Manja the rare melanistic serval: Our Namiri Plains’ celebrity

By Asilia Africa | 28 July 2021

While exploring the grasslands close to Namiri Plains, you might be fortunate enough to come face to face with one of our most beautiful and unique wildcats – Manja, the melanistic serval.

Photo credit: George Turner / @georgetheexplorer

What is melanism?

Melanism is a unique trait carried by a recessive gene that causes excess production of the dark-coloured pigment melanin in skin, feathers, and hair. Not to be confused with albinism — which is a lack of this pigment in these features. 

How do melanistic servals come to be?

This recessive gene causes the serval’s usually golden, brown spotted coat to become completely black — this primarily occurs in East Africa, particularly in the highland regions, which are more than 2,000m above sea level. This phenomenon is known to scientists as the ‘thermal melanism hypothesis’. It states that animals who live in higher altitudes — and are therefore subject to colder temperatures — have a greater likelihood of being melanistic, so as to absorb more solar radiation, warm up more quickly, and maintain their activity levels.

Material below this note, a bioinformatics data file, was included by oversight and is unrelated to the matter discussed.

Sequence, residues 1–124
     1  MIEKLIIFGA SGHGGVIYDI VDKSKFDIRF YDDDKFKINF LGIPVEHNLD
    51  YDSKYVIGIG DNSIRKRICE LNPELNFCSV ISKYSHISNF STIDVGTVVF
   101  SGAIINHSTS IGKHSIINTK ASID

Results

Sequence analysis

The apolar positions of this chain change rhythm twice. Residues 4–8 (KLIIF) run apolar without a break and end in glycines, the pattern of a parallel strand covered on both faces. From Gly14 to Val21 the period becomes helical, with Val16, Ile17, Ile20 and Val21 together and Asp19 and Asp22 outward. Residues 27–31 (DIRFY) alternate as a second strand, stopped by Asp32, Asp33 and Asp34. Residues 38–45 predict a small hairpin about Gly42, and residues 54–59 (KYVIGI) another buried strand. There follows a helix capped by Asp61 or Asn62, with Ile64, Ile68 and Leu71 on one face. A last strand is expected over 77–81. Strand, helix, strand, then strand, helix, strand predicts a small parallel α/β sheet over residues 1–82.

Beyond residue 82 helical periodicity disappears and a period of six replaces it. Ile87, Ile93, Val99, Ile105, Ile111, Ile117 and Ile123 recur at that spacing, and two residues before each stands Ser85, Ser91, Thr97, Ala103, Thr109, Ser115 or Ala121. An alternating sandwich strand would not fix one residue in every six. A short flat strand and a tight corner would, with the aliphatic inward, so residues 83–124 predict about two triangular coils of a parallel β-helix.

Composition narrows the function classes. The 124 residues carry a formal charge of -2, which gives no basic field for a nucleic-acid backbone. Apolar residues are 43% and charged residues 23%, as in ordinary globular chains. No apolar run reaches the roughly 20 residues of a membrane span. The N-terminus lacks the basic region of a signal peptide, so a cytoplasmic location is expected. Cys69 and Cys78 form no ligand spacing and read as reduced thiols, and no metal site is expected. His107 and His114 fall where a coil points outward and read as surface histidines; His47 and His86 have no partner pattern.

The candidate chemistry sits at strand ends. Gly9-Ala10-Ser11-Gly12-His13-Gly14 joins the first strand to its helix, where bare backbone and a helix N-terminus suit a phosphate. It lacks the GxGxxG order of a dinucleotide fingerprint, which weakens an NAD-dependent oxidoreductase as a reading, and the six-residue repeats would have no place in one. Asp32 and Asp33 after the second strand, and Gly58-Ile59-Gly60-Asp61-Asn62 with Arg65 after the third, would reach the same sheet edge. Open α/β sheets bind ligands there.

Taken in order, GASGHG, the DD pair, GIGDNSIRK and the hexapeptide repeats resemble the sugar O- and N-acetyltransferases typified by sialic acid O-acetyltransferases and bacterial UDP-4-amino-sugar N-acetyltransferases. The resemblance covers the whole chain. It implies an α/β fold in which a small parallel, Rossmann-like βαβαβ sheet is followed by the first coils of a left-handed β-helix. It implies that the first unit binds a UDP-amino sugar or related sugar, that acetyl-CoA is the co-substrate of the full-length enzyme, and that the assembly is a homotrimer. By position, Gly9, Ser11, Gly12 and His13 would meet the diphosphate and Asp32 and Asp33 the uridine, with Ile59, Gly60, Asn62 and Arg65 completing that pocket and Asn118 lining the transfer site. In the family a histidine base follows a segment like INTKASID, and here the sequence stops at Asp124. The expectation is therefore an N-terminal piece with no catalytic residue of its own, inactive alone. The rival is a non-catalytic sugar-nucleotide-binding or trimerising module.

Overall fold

Photo credit: Marc Mol

The hypothesis also states that darker colours are favourable at high altitudes in order to increase protection against the sun’s UV rays. At around 1,000m above sea level, Namiri Plains is located considerably lower than the normal altitude at which melanism is more prevalent. We believe it’s likely that this particular serval travelled from the nearby – and much higher – Ngorongoro Crater and established a new territory close to our camp. 

A unique sighting that should be on everyone's bucket list

According to one of our guests and photographer Marc Mol, up until Manja was sighted there were believed to have been only four other Melanistic Serval seen in the wild in East Africa. So not only is Manja a rare sighting because of his melanism, or because he lives in an uncommon location for servals, but also because he has picked Namiri Plains — the big cat haven of the Serengeti — to make his home. Our guides know Manja to be a bold little cat, but it takes some street smarts and courage to stand your ground in a territory run by lion and cheetah.